Environmental policies are considered successful inasmuch as they reduce environmental damage. By the same token, direct labor market interventions are judged based on their effect on employment and wages. Increasing specialization in research and policy design have contributed to develop accurate and effective strategies to solve specific problems. The indirect effects of environmental policies on the socio-economic system and of social policies on the environment are often overlooked. This separation extends to the models employed to evaluate the viability of energy and economic policies for low-carbon transition. Our main goal in this study was to consider energy use and income distribution in a unified framework. This holistic perspective allows us to shed a light on how established policies - such as incentives to innovation, efficiency and carbon taxes - can affect inequality and employment.
This work started from a more well-known story of separation, or lack thereof: the unobserved divorce between GDP growth and greenhouse gas emissions. If, indeed, growth and the necessary curtailment of emissions set by the Paris Agreement can’t be reconciled, is it possible to scale-down production while maintaining or (even) improving income distribution and employment? This was the initial challenge that led Simone D'Alessandro, Kristofer Dittmer, Claudio Cattaneo and Greens|EFA MEP Philippe Lamberts to start this project back in 2016. Recently this project has been enriched within the REMARC, an inter-disciplinary research center on responsible management practices and sustainable development policies of the University of Pisa.
During the development of the Eurogreen model additional questions came along. These include the evaluation of recently proposed radical social interventions (such as a job guarantee programme and a reduction of working time) that are currently underrepresented in the scientific literature. Over the past few years, media outlets and grassroots movements have had a greater role than academics in the development and dissemination of the American Green New Deal and of Degrowth. Thus, we shifted our goal, from the study of policies to sustain employment and well-being in a post-growth economy, to the combination of policies or policy-mixes that reflect these two current alternatives to Green Growth.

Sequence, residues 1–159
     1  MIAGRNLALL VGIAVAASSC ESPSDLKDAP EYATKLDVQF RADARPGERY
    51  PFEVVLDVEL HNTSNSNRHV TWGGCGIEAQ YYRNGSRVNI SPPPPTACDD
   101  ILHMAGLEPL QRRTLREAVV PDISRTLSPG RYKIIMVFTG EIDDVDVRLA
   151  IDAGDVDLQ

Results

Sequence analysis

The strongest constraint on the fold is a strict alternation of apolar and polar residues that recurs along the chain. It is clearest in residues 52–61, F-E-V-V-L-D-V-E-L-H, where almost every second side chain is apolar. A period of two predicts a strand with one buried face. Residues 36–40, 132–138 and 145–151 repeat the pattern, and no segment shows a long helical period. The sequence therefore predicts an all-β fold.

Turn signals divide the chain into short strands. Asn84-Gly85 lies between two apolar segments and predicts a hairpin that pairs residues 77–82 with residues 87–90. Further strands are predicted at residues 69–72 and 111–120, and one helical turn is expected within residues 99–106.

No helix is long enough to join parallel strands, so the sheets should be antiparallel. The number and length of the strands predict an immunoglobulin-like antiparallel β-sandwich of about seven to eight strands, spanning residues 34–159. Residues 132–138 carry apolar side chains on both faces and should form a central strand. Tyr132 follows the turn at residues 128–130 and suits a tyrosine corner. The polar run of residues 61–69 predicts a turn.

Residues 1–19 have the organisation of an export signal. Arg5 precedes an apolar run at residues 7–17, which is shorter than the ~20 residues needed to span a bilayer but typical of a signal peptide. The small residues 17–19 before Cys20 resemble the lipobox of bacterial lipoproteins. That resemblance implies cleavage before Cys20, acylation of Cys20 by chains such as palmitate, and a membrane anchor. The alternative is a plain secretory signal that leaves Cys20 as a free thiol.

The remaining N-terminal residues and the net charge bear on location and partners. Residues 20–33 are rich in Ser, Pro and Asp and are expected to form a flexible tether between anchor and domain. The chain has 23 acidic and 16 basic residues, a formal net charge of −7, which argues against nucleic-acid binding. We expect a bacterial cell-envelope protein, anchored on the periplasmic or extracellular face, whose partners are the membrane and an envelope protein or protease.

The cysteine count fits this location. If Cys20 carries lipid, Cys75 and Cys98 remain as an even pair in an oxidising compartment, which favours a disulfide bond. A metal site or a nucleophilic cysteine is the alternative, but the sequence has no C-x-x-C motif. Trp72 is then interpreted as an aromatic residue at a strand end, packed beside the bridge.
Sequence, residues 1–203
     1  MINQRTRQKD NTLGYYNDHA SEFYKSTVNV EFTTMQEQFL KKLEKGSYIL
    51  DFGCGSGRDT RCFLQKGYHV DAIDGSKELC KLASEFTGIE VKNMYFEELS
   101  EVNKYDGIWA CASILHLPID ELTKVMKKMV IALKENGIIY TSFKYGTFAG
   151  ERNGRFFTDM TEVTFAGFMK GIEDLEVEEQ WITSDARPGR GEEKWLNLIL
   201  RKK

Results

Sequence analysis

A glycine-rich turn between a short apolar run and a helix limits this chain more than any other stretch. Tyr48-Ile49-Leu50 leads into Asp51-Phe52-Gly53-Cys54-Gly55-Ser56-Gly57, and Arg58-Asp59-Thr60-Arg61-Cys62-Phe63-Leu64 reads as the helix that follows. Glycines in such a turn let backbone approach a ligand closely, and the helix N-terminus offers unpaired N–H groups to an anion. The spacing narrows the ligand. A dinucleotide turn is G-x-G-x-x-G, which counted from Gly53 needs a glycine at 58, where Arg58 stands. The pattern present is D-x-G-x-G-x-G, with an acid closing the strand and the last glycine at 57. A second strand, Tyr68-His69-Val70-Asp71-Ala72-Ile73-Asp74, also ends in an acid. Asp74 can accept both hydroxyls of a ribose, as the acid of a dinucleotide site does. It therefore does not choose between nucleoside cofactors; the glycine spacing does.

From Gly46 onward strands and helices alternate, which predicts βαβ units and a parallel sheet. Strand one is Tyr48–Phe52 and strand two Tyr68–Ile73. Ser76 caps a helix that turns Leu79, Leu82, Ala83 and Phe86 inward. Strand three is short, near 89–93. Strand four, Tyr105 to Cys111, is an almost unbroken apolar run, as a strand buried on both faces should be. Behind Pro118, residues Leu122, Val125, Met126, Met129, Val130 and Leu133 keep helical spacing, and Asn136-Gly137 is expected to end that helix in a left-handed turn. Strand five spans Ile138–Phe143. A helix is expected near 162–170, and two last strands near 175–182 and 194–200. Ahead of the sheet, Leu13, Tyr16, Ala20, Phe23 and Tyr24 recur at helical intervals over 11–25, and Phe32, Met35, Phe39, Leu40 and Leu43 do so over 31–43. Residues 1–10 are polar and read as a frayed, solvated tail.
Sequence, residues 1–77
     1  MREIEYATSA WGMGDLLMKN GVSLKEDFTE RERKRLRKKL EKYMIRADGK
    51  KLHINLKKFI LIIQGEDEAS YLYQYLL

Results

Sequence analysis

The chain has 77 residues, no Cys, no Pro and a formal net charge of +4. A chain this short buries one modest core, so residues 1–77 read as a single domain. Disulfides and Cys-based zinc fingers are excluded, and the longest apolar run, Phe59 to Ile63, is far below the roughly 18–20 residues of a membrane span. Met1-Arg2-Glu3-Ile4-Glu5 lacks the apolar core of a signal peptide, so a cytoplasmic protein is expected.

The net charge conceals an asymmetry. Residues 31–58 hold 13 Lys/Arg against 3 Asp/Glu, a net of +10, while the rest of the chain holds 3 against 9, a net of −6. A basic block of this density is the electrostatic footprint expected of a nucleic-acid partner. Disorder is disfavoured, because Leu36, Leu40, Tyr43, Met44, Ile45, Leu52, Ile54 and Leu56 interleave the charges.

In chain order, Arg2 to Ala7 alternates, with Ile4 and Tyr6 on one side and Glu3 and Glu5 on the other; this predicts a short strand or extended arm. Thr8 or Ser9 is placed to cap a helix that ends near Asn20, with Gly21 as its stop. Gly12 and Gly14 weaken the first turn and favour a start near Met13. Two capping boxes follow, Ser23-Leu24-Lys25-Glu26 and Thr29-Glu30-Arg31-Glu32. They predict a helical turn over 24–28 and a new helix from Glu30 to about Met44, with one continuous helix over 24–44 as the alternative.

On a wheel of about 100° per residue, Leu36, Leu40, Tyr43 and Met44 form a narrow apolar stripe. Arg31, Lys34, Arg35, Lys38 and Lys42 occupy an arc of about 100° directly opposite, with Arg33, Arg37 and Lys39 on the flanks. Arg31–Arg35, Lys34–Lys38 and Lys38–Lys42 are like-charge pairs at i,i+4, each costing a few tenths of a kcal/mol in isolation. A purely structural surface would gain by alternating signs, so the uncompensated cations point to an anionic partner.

Green Growth – a combination of technological progress and market incentives to energy efficiency – remains the prime strategy advocated by governments and international institutions to face the contemporary ecological crisis. However, once we account for the distributional effects of these policies, our results indicate a contradiction between its two objectives. We have termed this the “Green Growth paradox”: the environmental success of these policies depends on their failure to boost growth. In other words, part of the fall in emissions that follows green growth policies is not a direct consequence of renewable energy expansion or energy efficiency, but follows a reduction in aggregate demand and production due to increase unemployment.
Further results, from our study published in Nature Sustainability, suggest that alternative paths towards a low-carbon economy are viable and may be achieved with improvements in both income distribution and employment, although at the cost of higher public deficits. The study also answers the original question it was set to explore. Radical social policies are able to sustain employment and distribute income even in absence of growth. We hope our research will encourage others to explore how the interconnections between environment and society can affect our evaluation and implementation of economic and environmental policies.
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